The internet is flooded with memes and trolls of husbands and wives getting on each other’s nerves. The elders in the house are now exasperated by the bored and unruly children who keep crashing in on Zoom meetings, not to mention annoying pets. And while the humour was initially appreciated, frustrations have begun to pile up. Everyone has had enough of bonding over singing and dancing, or so it seems. The videos on social media and YouTube continue unabashedly but the requests to like, share and subscribe don’t have much takers now.
The home maker
In all this brouhaha over family bonding and work from home blessings and banes, one forgets the unsung heroes in every home. For the home maker, work from home is the rather old-fashioned, uncool trend that patriarchy has bestowed upon her kind from centuries ago. She has been running the home and family like a well-oiled machine that never stops. From morning till night, day after day, her work at home never ends. She is on call 24/7, the whole year through and the year after that and forever. And of course, there’s no retirement either.
Yes, the lockdown brought the entire country to a standstill and caused tremendous hardships to people in terms of financial losses, emotional distress, and some very personal tragedies too. But life moved on. And that is because even in these tough times, in their homes, everything functioned just as it has since antiquity. While every member of the family managed to put aside their assigned duties, office work, businesses or studies to take a break from the monotony of it all, the work at home never stopped. Could not stop if one had to survive!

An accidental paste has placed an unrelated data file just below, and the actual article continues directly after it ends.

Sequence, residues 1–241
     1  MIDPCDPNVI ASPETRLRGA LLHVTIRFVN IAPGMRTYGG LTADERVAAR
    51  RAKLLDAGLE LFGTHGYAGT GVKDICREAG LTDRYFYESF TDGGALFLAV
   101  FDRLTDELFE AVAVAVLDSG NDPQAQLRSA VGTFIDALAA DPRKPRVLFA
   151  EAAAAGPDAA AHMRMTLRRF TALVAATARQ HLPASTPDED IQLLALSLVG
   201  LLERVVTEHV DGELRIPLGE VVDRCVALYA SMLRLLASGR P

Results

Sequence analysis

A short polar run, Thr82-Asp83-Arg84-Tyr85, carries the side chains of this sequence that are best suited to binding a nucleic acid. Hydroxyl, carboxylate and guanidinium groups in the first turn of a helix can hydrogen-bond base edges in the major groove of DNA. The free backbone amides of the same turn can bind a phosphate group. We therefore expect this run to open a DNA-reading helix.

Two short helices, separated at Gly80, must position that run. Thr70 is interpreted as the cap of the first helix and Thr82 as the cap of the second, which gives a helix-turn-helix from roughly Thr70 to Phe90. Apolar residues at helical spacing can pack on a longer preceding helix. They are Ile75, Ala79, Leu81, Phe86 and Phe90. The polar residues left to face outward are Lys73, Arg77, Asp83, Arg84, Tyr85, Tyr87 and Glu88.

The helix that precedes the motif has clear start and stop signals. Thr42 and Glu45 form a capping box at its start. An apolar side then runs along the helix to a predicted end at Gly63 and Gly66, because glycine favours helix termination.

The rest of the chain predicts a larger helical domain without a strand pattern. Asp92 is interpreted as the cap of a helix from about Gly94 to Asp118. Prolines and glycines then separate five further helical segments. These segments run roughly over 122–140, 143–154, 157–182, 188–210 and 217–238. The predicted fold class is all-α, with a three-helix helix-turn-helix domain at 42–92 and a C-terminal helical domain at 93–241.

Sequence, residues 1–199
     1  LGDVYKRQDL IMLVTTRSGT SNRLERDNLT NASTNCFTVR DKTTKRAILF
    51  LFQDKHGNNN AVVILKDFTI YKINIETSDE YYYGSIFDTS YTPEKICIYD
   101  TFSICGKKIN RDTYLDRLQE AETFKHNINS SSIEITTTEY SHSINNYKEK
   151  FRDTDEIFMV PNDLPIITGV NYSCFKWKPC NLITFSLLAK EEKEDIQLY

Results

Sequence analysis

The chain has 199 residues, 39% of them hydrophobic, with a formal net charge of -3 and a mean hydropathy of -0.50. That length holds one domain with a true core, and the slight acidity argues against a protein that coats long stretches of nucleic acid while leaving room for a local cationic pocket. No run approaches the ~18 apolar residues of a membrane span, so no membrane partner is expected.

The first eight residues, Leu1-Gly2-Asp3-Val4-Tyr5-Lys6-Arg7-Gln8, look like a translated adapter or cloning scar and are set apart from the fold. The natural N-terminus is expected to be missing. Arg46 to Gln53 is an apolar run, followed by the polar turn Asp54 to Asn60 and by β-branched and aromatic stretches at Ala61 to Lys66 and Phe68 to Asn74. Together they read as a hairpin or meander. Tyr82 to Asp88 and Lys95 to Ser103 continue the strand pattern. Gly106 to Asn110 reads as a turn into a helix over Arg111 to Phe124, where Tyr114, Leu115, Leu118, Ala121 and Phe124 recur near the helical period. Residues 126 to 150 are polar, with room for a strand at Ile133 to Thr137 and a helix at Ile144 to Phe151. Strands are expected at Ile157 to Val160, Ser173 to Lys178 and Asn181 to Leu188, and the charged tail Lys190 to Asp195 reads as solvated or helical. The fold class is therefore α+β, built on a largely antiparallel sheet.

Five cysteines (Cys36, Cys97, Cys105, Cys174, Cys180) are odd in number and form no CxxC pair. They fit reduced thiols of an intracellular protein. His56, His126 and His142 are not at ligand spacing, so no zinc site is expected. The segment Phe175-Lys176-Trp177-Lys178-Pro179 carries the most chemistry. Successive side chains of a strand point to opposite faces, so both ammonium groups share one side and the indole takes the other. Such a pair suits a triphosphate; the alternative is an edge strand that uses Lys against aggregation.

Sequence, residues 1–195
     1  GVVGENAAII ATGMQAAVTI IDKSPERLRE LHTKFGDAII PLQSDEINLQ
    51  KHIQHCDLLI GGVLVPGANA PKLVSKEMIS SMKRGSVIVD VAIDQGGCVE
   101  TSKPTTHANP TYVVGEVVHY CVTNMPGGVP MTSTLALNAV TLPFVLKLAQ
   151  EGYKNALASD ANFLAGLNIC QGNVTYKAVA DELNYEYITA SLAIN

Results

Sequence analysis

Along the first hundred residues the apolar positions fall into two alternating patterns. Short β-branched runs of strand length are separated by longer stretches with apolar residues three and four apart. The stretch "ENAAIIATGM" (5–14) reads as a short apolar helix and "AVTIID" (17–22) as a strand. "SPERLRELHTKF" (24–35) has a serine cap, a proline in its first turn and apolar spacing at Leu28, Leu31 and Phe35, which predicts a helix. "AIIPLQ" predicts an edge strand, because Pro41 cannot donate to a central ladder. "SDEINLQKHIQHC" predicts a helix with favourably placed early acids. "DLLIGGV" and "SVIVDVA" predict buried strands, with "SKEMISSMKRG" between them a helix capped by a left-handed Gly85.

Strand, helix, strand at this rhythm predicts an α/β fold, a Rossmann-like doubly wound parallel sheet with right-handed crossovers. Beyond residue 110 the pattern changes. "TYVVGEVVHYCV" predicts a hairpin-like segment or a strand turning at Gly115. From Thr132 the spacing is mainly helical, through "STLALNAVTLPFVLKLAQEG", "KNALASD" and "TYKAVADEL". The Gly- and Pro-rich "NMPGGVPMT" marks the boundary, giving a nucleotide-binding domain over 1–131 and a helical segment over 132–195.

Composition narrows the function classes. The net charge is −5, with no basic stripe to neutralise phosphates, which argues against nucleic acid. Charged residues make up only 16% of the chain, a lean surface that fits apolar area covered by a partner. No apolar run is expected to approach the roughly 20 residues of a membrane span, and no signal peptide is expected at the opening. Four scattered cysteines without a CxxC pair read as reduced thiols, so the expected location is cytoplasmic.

We all need food, clean surroundings and fresh clothes. And so, the home maker continues her routine, without a break. Funnily enough, this is the one job that is most undervalued. Considered rather menial, inconsequential and far from cool, the home maker struggles to cope with it all.
It was a rather harsh eye opener for many, witnessing first hand, how strenuous and tiresome maintaining the home was. One hopes that the past year and a half would have taught us all to respect and appreciate the sheer hard work and care that goes into managing the homes we all take for granted.
Hope for the best
The earth, they said, needed this time to heal. That God almighty was just ensuring that the destructive human race slowed down to let nature breathe in peace. It didn’t take too long for the feel-good stories to do the rounds of the internet. Much was said of mother earth becoming greener, the sky seemingly bluer, of rare animals and migratory birds being sighted. and of rivers flowing cleaner. Some even declared the gaping hole in the ozone layer over the Arctic had closed due to reduced pollution. While it was true that the hole had closed, scientists clarified it had nothing to do with the pandemic and lockdowns. The ozone layer healing was apparently driven by an unusually strong and long-lived polar vortex.
One hopes that the worst is over and things get back to some semblance of normalcy soon. The vaccination drive, which was the sole light at the end of the tunnel, appeared to flicker for a while, but now it seems to be getting back on track.
We need our businesses flourishing, our markets bustling with activity, our phones ringing endlessly, the roads swarming with vehicles and parking lots frustratingly full. We need our trains, buses, taxis and rickshaws all running continuously. We need the cheerful vendors, the small eateries, the brightly lit malls crowded with families, watching movies, playing games, and the ability of eating out. Most of all, we need our schools and colleges functioning normally to secure the country’s future . And while we press the restart button, let us hope the earth continues to heal, nature breathes serenely, the animals play truant, and the rarest of birds continue to arrive from far off lands. Let us also hope for the rivers to reflect the dazzling blue sky.